Imperatorsky pavilyon railway station

The Emperor railway station or Tsarskoye Selo Imperial Station, known as the Imperial Pavilion (in Russian: Императорский павильон), is a former Tsarskoye Selo Railway station (now in Pushkin, Saint Petersburg), which served the Imperial Tsarskoye Selo Railway.

Emperor Railway Station / Tsarskoye Selo Imperial Station
Tsarskoye Selo Imperial Station from the North West
LocationAkademicheskiy Prospect, Pushkin, Saint Petersburg
Russia
Coordinates59°43′53″N 30°23′03″E
Construction
Structure typeRussian Revival architecture
History
Opened1895 (current building 1912)
Closed1940s
Rebuilt1911–1912

The first station

In 1895, at the beginning of the reign of Tsar Nicholas II, that an imperial pavilion was built to accommodate the Imperial family when traveling by train from St. Petersburg to the Alexandrovskaya station, which served Tsarkoye Selo. Approved on 30 June 1895, a wooden Imperial Pavilion [1] with a covered platform were built. The pavilion was asymmetrical in plan and had only 4 rooms. The total area of the building was 24.38 square meters. A year later, on 9 August 1896, a project for an extension to the Imperial Pavilion was approved [2]. The total area of the pavilion increased to 41.7 square meters. The so-called Imperial branch of the Moscow-Vindava-Rybinsk railway, starting at the Imperial Pavilion adjacent to the Vitebsky railway station opened in 1902. It started at Vitebsk station, where a special pavilion for the Emperor and his relatives was built in 1902. It ran parallel to the main line of the Tsarskoye Selo Railway and then branched south west at the village of Kouzmino. In 1903, the line was extended to the Imperial pavilion. It was designated for members of the imperial family and representatives of foreign powers.[3] ; [4]

The second station

The pavilion burned down in January 1911 and a new construction project was presented by Vladimir Pokrovsky, one of the favorite architects of Tsar Nicholas II, who had just completed the construction of the Feodorovsky cathedral, which served as a family parish church for the Emperor and his family. The railway station was completed in 1912. A long alley of lime trees still leads to the Feodorovsky Imperial Cathedral and then a paved road leads to the Alexander Palace, located one kilometer from the station. After the revolution the station is renamed " Uritsky Pavilion" in 1918 and closed a few years after the Second World War. The pavilion itself suffered from damage during the German occupation.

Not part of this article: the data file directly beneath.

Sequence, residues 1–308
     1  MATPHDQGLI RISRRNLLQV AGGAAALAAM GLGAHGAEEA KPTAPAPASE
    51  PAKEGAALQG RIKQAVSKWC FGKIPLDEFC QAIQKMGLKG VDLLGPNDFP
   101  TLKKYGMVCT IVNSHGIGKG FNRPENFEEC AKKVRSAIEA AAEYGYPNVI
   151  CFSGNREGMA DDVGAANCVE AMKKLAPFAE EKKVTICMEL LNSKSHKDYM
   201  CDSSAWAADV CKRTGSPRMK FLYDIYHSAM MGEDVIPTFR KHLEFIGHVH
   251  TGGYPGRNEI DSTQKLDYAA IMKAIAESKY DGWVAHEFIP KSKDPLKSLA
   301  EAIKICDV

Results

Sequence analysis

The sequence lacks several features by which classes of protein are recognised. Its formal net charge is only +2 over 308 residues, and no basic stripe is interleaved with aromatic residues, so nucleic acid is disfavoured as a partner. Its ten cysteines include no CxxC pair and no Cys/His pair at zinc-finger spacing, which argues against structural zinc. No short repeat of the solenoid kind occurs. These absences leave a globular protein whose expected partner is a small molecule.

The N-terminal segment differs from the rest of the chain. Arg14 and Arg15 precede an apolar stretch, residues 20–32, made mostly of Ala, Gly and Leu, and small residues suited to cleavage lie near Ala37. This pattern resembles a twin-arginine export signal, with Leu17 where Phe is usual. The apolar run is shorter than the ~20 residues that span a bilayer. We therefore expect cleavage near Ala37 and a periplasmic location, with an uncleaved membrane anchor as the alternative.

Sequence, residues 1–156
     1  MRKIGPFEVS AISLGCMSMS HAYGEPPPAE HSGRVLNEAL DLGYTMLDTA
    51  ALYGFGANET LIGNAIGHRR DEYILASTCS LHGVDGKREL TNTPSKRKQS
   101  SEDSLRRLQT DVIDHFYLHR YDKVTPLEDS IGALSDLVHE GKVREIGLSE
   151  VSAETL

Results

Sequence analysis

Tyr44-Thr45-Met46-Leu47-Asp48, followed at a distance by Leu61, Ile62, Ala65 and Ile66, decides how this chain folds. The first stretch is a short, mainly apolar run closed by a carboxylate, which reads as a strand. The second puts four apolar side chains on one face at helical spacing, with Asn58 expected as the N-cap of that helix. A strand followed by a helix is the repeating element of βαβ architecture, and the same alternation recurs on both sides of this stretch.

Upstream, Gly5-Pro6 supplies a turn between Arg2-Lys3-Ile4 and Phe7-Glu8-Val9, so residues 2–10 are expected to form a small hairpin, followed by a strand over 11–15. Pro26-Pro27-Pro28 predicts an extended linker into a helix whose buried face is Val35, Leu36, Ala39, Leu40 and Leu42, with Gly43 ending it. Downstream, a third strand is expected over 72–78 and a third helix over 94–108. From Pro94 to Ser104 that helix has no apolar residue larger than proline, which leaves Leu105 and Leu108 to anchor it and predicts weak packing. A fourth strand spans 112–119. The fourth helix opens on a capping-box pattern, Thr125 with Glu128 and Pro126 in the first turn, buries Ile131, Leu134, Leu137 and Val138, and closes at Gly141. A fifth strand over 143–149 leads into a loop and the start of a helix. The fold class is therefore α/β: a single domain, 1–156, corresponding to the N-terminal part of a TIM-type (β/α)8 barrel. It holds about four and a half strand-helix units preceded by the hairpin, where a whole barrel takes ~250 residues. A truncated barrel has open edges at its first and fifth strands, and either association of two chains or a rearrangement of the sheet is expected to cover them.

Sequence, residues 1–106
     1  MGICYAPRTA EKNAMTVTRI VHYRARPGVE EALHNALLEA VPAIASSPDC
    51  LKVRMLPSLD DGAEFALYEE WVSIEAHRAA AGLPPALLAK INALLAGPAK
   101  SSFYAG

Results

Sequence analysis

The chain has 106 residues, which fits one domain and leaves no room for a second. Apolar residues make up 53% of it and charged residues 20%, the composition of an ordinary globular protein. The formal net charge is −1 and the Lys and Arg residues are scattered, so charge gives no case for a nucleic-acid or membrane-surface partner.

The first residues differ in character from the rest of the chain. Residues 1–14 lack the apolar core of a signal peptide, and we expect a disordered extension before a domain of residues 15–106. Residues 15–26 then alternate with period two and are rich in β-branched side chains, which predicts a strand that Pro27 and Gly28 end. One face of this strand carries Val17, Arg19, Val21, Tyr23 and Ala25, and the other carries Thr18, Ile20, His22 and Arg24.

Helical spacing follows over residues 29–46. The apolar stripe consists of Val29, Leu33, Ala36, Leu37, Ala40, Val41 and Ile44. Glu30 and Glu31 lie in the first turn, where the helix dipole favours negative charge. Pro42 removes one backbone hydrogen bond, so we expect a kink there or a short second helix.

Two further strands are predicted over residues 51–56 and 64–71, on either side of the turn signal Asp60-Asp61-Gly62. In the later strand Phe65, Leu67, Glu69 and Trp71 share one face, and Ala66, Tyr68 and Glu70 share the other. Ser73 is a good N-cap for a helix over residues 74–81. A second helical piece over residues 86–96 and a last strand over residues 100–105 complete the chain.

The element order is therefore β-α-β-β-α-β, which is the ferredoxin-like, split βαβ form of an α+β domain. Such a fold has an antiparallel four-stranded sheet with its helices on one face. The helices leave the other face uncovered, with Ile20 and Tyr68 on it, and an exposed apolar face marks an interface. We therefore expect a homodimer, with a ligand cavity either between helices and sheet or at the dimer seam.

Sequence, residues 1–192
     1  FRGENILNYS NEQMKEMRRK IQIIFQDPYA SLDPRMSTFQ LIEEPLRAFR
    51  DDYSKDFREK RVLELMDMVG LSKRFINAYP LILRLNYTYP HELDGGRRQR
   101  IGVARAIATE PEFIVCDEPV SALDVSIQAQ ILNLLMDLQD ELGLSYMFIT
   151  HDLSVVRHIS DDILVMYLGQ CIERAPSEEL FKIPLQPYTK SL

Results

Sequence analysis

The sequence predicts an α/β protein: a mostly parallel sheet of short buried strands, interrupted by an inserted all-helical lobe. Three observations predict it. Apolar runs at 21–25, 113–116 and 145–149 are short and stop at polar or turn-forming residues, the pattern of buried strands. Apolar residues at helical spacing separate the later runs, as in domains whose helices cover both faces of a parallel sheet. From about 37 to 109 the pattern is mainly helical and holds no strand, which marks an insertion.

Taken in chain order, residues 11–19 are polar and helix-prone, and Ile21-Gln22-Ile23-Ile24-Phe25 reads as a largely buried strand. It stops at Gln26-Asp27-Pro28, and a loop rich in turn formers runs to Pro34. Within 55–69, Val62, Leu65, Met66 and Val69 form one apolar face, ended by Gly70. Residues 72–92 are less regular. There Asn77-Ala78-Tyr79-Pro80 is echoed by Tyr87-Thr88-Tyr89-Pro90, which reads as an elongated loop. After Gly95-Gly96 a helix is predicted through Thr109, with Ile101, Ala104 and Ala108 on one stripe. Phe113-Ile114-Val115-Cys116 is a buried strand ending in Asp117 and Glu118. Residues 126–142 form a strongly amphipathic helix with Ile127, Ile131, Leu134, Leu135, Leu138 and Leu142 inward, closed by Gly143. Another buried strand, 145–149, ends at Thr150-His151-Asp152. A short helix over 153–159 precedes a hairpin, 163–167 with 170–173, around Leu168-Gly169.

Architecture

The style of the pavilion is Russian Revival architecture, as with the village Feodorovsky and its buildings (the cathedral, the personal guardhouse of the Emperor, the Palace of Arms, etc.) which are all nearby. The platforms were two hundred meters long and were covered over a hundred metres. The entrance was preceded by a porch with a pointed roof supported by four pillars and surmounted by a two-headed eagle decorated with kokoshniks. The interior of the pavilion is adorned with frescoes imitating the 16th-century moscovite frescoes, carried out by the artists of the Moscow workshop of the "Heirs of P. P. Pashkov" under the supervision of its co-owner Nikolai Pavlovich Pashkov.

Current Condition

During the 1990s the building was used as an unofficial disco until it suffered a fire.

On 18 March 2008, the Property Fund held tenders for the sale of rights to conclude lease agreements for the pavilion building, which was to be named "Tsarskoye Selo Station" (Pushkin, Academic Ave, 35b, lit. A). The auction winner was OOO Sansara, which concluded the contract for a period of 49 years. The possible use of the object was as a shopping mall or restaurant. [5]

In 2010 on the 300th anniversary of Tsarskoe Selo, it was planned to restore the pavilion. But this did not happen.

The pavilion is currently in a pitiful state and almost in ruins. The sharp-pointed roof of the entrance door of honor has collapsed and been replaced with plastic coated roofing sheet. The stone carvings on the facade have survived, as well as the murals of the vaults of the front porch and some interiors have also survived. Bullet holes and shrapnel holes from the Second World War are visible on the rear / north façade where the platforms used to be. The platforms and platform canopy no longer exist.

Models

A company called Umnaya Bumaga, OOO/ "Clever Paper" produce a 1:150 card/paper model of the station building.

See also

References

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